I have heard a lot recently about being mentored for my fairly new business, but was wondering how helpful a stranger getting involved with its development would be?
The word ‘mentor’ seems to be the ‘in’ thing at present in a business context, and it is a really good question to ask if it would be helpful for you.
Whether you are starting a business, in the process of building one up, or have come to a cross roads and are in a bit of a ‘rut’; as a business owner you will face challenges at every stage. So, it’s reassuring to know that most entrepreneurs tend to go through the same types of struggles on the whole and, in particular, hit similar problems in relation to specific industries. And whilst research and knowledge learnt on the job is vital, it’s a no brainer that industry insights and guidance from someone who has been there and don’t that, would clearly be a bonus. Step in to the ring mentoring and the role of a mentor.
There has been a growth in popularity of Mentoring schemes in both an organisational setting -where more senior partners or employer’s mentor new recruits - as well as in the business arena. In the business context, a mentor is commonly someone with more experience and understanding of your business journey as they have already travelled this path.
So what can a Mentor do?
There is, strictly speaking, a difference between a business consultant, coach and mentor. Although in reality, the boundaries between these various roles are somewhat blurred, an effective mentor will help you find out so much more about yourself and running a successful business.
A consultant is usually hired for a particular project to provide expert technical advice to address specific aspects of the business, whereas a coach is more performance driven and will focus on challenges and areas of development. However, a mentor can give advice and motivate you to improving your business skills, by sharing knowledge and lessons learnt and, in contrast to a consultant or coach, can end up being a long- term friend who shares your business journey. Indeed, according to the Harvard Business Review (July 2020) five decades of mentoring relationship research shows that people who have strong mentors gain numerous professional benefits.
Benefits of a Mentor
Being a Mentee (sounds like a new brand of sweets!) allows you to confide in someone without fear of judgement or negative repercussions. Owning a business can be stressful and frustrating and being able to vent to someone else provides many bonuses, such as:-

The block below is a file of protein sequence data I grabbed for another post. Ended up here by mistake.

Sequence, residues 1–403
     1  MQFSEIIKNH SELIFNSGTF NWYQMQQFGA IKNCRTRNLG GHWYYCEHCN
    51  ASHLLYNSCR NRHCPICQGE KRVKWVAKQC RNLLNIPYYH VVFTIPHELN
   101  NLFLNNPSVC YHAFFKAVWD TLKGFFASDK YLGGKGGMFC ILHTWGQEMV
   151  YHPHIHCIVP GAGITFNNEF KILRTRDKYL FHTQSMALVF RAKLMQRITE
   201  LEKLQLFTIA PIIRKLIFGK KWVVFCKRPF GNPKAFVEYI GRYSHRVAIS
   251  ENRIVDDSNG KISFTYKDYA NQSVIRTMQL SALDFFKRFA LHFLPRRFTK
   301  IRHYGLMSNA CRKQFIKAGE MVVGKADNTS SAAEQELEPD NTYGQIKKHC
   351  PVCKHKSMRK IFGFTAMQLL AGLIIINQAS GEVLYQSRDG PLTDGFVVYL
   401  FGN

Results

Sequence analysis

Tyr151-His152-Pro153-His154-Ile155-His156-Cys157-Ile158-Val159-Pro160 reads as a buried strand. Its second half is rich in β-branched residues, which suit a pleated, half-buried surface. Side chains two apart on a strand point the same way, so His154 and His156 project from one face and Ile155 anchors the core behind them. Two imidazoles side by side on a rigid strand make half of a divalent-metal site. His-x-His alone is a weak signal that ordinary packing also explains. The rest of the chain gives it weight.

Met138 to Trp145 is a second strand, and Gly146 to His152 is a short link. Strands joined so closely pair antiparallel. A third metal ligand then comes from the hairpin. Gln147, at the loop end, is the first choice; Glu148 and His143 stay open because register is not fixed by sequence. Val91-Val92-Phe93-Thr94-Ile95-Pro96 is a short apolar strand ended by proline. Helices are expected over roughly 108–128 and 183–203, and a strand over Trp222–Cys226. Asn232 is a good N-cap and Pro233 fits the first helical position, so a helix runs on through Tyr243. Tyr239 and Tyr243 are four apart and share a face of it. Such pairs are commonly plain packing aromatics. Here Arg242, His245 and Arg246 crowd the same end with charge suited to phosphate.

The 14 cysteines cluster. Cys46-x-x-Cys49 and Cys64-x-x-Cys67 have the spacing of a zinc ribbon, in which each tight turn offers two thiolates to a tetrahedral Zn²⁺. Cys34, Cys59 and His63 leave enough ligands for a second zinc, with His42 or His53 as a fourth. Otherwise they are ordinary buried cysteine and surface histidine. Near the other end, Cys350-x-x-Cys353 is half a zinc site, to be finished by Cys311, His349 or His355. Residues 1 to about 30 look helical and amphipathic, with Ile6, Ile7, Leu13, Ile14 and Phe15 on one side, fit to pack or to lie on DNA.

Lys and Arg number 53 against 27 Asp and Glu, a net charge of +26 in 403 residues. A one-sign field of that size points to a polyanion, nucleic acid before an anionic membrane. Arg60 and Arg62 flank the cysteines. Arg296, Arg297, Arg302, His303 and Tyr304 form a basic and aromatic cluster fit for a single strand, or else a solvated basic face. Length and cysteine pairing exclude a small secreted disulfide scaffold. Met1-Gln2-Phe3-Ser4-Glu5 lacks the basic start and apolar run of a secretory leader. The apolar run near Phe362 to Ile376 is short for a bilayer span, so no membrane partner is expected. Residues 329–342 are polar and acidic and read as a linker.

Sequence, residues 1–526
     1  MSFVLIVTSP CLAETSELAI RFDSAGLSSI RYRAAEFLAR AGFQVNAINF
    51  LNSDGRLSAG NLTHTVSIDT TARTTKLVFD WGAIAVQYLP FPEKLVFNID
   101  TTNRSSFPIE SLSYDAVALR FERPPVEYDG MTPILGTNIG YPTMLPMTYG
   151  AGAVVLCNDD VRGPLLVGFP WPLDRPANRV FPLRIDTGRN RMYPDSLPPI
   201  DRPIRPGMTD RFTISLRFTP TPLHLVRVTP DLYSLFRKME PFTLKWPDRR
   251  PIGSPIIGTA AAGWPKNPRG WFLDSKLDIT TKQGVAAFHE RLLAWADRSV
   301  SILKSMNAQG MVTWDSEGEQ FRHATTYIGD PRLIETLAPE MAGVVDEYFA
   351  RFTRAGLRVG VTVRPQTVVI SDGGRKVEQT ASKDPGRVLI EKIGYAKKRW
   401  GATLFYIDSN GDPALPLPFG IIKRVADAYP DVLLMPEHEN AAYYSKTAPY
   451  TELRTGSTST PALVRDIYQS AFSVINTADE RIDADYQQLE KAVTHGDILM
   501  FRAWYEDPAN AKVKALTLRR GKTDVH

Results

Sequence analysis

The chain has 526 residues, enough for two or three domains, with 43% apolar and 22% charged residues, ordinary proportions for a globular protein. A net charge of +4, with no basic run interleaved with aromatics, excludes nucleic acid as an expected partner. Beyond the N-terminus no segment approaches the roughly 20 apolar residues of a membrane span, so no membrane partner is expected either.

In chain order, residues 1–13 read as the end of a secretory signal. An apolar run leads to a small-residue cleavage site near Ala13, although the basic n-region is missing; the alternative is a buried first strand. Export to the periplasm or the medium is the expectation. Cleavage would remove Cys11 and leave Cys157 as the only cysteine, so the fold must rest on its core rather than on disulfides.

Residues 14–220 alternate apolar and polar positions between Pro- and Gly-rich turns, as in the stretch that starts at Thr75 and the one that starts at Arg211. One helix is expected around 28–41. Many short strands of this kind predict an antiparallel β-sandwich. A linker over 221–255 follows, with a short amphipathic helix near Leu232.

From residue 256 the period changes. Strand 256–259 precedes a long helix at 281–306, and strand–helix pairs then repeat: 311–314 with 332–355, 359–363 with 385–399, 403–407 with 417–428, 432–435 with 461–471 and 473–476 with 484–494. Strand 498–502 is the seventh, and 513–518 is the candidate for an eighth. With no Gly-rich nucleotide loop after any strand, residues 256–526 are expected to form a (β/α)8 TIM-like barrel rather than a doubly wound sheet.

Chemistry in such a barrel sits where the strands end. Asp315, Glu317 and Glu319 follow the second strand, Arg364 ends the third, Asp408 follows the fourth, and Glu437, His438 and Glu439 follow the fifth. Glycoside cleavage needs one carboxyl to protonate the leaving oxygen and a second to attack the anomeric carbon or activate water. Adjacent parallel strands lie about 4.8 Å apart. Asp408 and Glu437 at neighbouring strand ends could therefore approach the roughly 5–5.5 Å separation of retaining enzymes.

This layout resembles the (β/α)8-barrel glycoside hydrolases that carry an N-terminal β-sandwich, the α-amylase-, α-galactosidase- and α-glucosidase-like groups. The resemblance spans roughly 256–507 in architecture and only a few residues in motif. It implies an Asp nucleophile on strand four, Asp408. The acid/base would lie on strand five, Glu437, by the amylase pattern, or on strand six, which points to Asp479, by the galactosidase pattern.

The ability to speak to someone you can trust, with confidence in their credibility as they will probably be a successful business person
Providing a successful role model for you
Fresh insights from an objective outsider of whom you can ask questions and get honest answers, to help problem solve
Provide the re-assurance and confidence to make better business decisions
Bring a different perspective on something you are struggling with or trying to make a decision over
Someone who is ‘with you’ on your business journey, can align with your vision and provide creative options to drive the business forward
Experience, which is the best teacher, and may prevent you going through something similar yourself.
In short, you will gain considerably from having a business mentor in terms of knowledge and sage advice, as well as widen opportunities through industry connections and a ‘leg up the ladder’. A recent survey by the UK’s Department for Business Innovation and Skills, found that 94% of SME’s (Small Medium Enterprises) using external support have seen benefits; these firms are more ambitious and have higher relative turnovers.
Benefits to becoming a mentor
Most people see mentoring as a one-way relationship – only the mentee gains. That is simply not true and it is clear that both parties can benefit from the relationship.
Everyone has skills and experiences to share and becoming a mentor is a volunteering opportunity to give back and share knowledge
It can enhance your own understanding of your industry as when you explain things to others, you become better at it yourself
It can develop your leadership and management style and improve your communication and personal skills; both vital business tools
You may actually find yourself learning from the new generation, especially in relation to tech developments and new industry practices
Your own business confidence and motivation will be increased and enriched from the experience.
Lord Young of Graffham, promoting the benefits of mentoring as part of National Mentoring day has said “I had a mentor when I started my business and…..I know as I have acted as a mentor many times, it is very rewarding to both parties.” If you have given it some thought, you may be concerned that it will be too time consuming. Actually, mentoring involves a very brief amount of time and you can control it – be it half an hour weekly or even one hour once a month. The choice is yours.
It would seem that mentoring and being mentored is advantageous for both parties involved and it seems that the questions that should be asked are:
Why don’t you have a mentor and Why haven’t you become one?
For more information about our mentoring services or signing up as a mentor, please go to www.jcommerce.org Jcommerce is a charitable organisation set up to support businesses in the North West Community to economic self-sufficiency and address business challenges that arisen from COVID-19 and beyond.